Summer…“Barefoot in the Park”…Foot Problems and Acupuncture
So summer is here! Finally! It’s time to play and enjoy the sun. And don’t forget the extra fruits and veggies to build your antioxidant protection in your skin. I see a lot of people who love to go barefoot in the summer or wear flip flops everywhere. I love it too…but my feet don’t anymore.
Last year I entered the world of “pay attention to those high arches…or else.” My first experience with a heel spur and the days of barefoot mama abruptly came to an end.
So, I am going to reach out to all you foot sufferers. You know who you are. The spurs. The neuromas. The plantar fasciitis. The no-style shoes with adequate arch supports, etc.
It’s a new life. And what can an acupuncturist do for her patients you might ask? As you know, we always work to determine the root/source of the problem. A podiatrist will x-ray and identify the spur or problem, which is pretty cut and dry. It’s the world of steroid injections and orthotics.
An Eastern trained practitioner will be able to support you “locally” (the feet), but also will be dealing with you holistically. Problem feet are not just a matter of chronically poor shoes with poor arch support. This may be one of the culprits but usually there is also an underlying deficiency in kidney qi and also liver stagnancy. It’s important to remember that I’m talking about your Chinese liver and kidney, not your American. Let me explain.
As we age, from a Chinese medical point of view, our livers (in charge of detoxing the countless toxins that assault our bodies), begins to tire. Our livers are also in charge of the smooth flow of emotions. Life’s challenges leave our livers taxed and overworked. As our liver becomes fatigued, we can become vulnerable to our qi not flowing smoothly. That can subject us to stagnant qi (and sometimes stagnant blood or dampness) in what we call the “channels.” If the channels in and around the foot and ankle become blocked or caught up with stagnant qi, then pain and symptoms can occur.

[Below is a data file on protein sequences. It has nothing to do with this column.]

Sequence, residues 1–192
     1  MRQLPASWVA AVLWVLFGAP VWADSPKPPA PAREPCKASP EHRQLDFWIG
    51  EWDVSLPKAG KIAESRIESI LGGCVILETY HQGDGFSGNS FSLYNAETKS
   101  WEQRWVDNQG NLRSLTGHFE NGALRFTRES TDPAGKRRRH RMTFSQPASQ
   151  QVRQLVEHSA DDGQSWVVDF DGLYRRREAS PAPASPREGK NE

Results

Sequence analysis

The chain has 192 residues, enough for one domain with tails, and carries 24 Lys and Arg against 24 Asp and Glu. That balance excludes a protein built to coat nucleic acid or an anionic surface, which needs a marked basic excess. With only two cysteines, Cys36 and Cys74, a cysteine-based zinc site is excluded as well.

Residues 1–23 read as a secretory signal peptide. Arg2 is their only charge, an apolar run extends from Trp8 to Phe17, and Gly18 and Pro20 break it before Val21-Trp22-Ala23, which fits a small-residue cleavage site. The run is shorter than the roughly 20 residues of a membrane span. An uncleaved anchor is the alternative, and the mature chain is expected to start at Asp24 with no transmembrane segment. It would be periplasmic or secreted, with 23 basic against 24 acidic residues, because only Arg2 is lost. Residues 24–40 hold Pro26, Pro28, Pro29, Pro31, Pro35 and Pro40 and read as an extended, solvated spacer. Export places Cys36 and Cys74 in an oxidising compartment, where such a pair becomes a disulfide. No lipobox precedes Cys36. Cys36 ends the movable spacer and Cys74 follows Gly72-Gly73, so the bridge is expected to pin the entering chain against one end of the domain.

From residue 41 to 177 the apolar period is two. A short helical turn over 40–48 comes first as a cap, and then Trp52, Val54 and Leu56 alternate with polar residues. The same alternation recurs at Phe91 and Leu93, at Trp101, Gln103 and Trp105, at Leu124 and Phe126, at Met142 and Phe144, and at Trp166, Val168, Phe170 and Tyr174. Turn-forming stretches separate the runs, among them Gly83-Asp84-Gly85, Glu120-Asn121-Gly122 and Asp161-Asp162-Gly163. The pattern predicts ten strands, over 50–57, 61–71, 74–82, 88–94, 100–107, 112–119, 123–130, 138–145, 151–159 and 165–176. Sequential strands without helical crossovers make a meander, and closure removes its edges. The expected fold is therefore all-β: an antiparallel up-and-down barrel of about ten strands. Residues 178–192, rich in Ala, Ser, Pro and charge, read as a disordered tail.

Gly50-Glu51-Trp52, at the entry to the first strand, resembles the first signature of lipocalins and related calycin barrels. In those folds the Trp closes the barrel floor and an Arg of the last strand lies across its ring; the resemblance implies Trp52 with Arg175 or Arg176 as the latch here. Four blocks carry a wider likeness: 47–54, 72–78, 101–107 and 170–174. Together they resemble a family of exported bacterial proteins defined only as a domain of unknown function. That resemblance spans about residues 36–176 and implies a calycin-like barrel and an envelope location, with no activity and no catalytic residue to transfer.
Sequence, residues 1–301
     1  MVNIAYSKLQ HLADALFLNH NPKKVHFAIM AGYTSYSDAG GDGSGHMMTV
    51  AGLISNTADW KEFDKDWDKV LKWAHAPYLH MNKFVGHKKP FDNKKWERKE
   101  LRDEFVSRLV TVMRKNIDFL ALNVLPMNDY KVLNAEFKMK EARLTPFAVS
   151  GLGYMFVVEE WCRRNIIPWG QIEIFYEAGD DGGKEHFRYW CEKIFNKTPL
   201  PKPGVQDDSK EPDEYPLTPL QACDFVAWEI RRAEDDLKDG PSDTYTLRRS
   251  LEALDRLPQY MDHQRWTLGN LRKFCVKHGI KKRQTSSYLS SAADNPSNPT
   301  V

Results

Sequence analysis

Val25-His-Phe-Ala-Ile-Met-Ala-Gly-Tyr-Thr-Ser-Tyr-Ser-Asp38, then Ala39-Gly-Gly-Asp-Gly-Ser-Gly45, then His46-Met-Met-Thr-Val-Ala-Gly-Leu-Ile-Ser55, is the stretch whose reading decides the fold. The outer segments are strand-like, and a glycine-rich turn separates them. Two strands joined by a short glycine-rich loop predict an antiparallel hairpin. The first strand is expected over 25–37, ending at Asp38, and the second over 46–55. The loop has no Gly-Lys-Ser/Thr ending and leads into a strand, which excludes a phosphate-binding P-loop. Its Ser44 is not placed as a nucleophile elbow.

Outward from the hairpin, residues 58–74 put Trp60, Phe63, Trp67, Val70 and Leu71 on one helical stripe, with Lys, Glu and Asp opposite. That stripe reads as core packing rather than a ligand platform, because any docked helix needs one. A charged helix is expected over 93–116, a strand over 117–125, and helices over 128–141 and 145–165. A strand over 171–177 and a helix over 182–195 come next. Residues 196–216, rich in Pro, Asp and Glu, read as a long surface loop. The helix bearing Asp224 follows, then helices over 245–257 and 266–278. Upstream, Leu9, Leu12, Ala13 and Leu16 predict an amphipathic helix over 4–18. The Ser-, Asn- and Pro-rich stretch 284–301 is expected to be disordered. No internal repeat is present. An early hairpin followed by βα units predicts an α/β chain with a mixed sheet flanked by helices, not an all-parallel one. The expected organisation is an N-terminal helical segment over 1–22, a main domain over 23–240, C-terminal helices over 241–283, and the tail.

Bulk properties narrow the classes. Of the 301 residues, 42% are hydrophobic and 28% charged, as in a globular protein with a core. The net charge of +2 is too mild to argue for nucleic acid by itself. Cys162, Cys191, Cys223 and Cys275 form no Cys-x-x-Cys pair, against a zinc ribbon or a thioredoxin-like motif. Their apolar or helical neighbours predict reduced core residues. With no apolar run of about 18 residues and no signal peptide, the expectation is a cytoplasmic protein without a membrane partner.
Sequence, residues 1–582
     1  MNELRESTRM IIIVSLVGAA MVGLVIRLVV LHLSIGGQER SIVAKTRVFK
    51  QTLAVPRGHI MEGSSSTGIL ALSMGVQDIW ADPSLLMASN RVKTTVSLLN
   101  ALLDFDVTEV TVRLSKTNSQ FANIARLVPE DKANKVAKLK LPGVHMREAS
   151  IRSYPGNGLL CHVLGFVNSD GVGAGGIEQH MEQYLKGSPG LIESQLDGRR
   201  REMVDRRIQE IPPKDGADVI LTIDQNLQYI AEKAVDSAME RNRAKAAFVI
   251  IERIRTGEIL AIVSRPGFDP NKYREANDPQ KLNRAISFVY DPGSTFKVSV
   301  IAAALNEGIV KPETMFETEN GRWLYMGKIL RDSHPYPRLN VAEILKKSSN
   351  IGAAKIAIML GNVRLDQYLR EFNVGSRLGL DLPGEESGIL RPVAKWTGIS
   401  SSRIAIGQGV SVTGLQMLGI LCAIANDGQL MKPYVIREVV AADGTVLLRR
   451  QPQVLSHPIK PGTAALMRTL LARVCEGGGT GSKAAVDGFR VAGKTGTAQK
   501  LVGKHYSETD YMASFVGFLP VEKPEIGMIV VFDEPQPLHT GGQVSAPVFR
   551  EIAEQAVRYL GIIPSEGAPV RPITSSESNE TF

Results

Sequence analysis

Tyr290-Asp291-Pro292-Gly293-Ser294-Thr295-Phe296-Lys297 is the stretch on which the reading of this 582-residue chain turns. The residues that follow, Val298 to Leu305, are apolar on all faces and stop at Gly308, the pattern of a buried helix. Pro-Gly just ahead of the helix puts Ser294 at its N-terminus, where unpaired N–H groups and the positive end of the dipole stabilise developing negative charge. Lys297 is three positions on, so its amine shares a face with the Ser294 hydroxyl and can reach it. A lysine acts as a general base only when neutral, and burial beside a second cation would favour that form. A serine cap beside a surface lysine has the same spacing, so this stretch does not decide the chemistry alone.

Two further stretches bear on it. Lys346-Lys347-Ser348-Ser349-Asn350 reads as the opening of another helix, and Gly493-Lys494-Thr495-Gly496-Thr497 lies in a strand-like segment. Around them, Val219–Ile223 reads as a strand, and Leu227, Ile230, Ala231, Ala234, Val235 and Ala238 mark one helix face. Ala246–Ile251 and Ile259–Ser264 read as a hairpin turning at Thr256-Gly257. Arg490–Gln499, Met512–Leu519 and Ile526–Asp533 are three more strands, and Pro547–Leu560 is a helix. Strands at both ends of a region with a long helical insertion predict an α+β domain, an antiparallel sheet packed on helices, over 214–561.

Our kidneys are in charge of what I like to refer to as our “battery and gas tanks.” They become depleted with aging. This deficiency can subject our livers to fatigue as well.
So, an acupuncturist can address these issues by supporting these two organs/officials/meridians. Additionally, there are countless points that we can treat on the feet that can help stimulate the movement of the qi and open up blocked channels. I can guarantee you that any discomfort you may feel from the needles will pale in comparison to foot pain, a flared up heel spur, neuroma, or plantar fasciitis. And an acupuncture treatment on the feet will be imperceptible when compared to a steroid injection into the foot.
So, bite the bullet and go out and change your shoe wardrobe. You need shoes that will support your arches and heels. Walking barefoot on hard surfaces needs to be avoided.
Be nice to your feet. Epsom salt foot soaks and nice foot massages are great.
Your acupuncturist can help you get through your summer pain free.
I have a sympathetic heart for any foot pain sufferers. I’ve joined your club, so feel free to give me a call. We can share our foot war stories as we leave our suffering behind.
Additional posts by Jill Ellen Smith
- Q&A – Acupuncture and The Pain In The Neck, 05 Apr 2014 in Health & Wellness
- Chinese Medicine, Spring, and the Laws of Nature, 02 Feb 2014 in Health & Wellness
- “Baby It’s Cold Outside” …But Your Acupuncturist Can Warm You Up!, 09 Dec 2013 in Health & Wellness
- Acupuncture and Nutrition And Your Skin, 12 Jun 2013 in Health & Wellness
- Acupuncture and Joint Implants, 04 Apr 2013 in Health & Wellness
- Acupuncture, Nutrition, and Cardiovascular Disease, 04 Feb 2013 in Health & Wellness
- Acupuncture and the Cancer Journey, 16 Oct 2012 in Health & Wellness
- Acupuncture Meets Electrical Stimulation, 12 Aug 2012 in Health & Wellness
- From Farm To (Acupuncture) Table, 08 Jun 2012 in Health & Wellness
- Anti-Aging and Acupuncture: Is There a Connection?, 11 Apr 2012 in Health & Wellness